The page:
Maybe It’s Fake, Maybe It’s Maybelline

Make-up knockoffs on the rise to counteract high-end prices

Maxi de la Fuente, Intro Writer

   Shopping for makeup is no easy task, especially when the price of makeup varies so much. From a $6 foundation to a $50 lipstick, it can become nearly impossible to choose the makeup that works for your skin and lands in your price range.

   According to Precedence Research, the cosmetic industry is valued at $375 billion and is expected to reach $560 billion by 2030. Recently, drugstore cosmetic companies have been “duping” more expensive and more sought-after products. This term refers to duplicate, as the products that are “dupes” are often trying to best duplicate the original product.

   “I love dupes,” said freshman Eden Kiger, who uses makeup every day. “I think they give the same effect as the high-end product for just half the price.”

   Companies such as Elf Cosmetics have been recently “duping” more and more products, often having the similar packaging or a spin off on the original name.

   “I have used dupes, but not often,” alum Harper Wilcox said. “I usually choose makeup products that suit my own personal taste instead of following trends. The dupes I have tried, however, have been great.”

   Social media has a major role in the cosmetics industry helping with the spread of newly released products, new techniques and influencing people to buy the best possible “dupe.”

   “I think everything I own is influenced by what I see on social media,” Eighth grader Olivia Agnew said.

   Most influencers on social media are paid to promote new products or new launches. On average, influencers can get paid anywhere from $5,000-20,000 per promotion post.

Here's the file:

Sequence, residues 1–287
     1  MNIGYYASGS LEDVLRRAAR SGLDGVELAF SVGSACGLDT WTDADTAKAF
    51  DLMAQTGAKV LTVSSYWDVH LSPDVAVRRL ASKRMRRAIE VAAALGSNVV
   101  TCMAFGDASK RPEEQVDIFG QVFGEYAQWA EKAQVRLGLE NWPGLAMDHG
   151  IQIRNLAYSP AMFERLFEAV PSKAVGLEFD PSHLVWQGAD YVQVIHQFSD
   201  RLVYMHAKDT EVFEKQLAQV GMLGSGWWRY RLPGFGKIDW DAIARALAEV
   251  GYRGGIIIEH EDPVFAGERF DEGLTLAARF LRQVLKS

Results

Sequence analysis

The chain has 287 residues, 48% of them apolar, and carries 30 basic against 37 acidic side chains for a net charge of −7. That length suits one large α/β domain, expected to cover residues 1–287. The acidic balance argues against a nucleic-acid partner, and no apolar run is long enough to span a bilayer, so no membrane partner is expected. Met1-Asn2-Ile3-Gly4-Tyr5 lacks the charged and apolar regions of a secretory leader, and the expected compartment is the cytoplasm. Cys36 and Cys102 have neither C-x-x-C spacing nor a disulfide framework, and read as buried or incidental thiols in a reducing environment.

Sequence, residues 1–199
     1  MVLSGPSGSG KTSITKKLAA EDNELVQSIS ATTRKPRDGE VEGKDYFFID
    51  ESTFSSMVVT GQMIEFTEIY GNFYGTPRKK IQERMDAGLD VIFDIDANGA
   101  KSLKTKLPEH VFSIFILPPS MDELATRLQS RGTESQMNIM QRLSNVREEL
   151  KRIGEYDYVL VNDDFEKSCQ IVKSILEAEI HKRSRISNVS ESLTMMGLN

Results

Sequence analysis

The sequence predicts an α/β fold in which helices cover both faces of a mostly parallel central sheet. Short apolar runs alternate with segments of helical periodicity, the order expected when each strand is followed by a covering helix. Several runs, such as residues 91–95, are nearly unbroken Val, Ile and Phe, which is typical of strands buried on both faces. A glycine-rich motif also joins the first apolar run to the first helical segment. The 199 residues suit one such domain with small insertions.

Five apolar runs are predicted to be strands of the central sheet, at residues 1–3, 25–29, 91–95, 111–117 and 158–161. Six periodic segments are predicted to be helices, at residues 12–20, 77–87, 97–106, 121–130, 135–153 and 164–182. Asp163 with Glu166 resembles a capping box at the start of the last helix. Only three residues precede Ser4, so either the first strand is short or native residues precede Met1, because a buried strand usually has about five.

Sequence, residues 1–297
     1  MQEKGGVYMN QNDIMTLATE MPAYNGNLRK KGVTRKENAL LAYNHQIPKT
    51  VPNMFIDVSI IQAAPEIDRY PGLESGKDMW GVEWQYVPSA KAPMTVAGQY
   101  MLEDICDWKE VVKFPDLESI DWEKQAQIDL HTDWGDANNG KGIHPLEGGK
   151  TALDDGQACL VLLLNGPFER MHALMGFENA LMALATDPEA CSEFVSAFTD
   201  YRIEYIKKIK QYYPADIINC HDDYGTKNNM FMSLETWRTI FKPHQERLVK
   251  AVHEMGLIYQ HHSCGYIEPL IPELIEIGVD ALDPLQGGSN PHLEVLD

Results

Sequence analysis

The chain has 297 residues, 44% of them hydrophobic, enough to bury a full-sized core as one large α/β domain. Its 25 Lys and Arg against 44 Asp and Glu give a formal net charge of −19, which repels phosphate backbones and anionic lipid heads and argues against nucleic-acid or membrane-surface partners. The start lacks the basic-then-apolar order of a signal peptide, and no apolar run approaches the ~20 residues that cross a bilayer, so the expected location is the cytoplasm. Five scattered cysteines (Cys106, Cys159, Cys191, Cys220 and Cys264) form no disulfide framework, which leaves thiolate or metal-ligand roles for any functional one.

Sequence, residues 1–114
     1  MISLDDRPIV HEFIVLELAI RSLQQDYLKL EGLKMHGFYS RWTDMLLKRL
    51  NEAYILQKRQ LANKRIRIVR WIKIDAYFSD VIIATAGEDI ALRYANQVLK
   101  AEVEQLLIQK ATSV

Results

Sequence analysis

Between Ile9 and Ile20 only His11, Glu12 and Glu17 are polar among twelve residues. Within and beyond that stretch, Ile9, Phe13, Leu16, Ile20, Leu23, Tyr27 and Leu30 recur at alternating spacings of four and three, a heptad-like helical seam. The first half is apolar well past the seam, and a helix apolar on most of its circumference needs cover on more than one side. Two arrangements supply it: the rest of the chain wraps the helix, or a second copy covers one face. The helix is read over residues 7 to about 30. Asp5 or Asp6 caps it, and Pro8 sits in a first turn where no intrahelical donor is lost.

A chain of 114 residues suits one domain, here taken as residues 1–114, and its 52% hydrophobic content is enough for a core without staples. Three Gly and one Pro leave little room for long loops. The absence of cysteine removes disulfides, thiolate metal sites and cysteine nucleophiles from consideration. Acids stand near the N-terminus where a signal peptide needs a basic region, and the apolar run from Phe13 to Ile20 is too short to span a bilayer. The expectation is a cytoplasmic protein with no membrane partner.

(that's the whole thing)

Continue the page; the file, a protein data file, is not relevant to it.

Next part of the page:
“I follow a lot of conceptual makeup artists and love to see what products they recommend and have discovered some amazing products through that,” Wilcox said, “Social media also allows me to keep up with product launches and find inspiration for my own looks.”

   With the increasing demand for high-end products, the quality of these products has been recently challenged because companies have been needing to release more products quicker to keep up with current trends.

   “I think people just buy expensive brands for the name instead of how the product actually works for their skin,” Kiger said.

   These high-end companies often lower their quality control, by adding in low-quality ingredients, frequently causing poor skin reactions. The Dior Backstage Rosy Glow Blush retails for a high $40. This blush has been infamously known to produce little pigmentation and has a blurred reflection instead of a usable mirror making for a prime example of lowered quality control.

   “Sometimes, a product will just not work on my skin, no matter how much I want to use it,” Wilcox said.

   People often find themselves assuming that the more expensive a product, the better it will be. However, with many high-end brands, this is not the case. People have been paying for the fancy brand and not the best quality.

   “In my opinion, unless I like the brand, I don’t buy expensive makeup because I feel like it’s not worth it,” Wilcox said.

   Makeup has been a form of self-expression for years now and offers a wide variety of products for everyone, from simple everyday looks to heavy glam.

   “When I’m in school, I wear makeup very consistently because I love to express myself through both makeup and clothing when I’m in class and spending time with my friends,” Wilcox said, “In the last couple of years, I’ve found my own personal makeup style and what works best for me and my features.”

   Makeup users have not only been using makeup everyday but also in an artistry sense, creating intricate and colorful looks using SFX makeup.

   “Experimenting with makeup is a major creative outlet for me” Wilcox said.

   Makeup has served and continues to serve as a form of art, a form of self expression, and a confidence booster.

   “I think makeup just makes me feel better about myself,” Kiger said.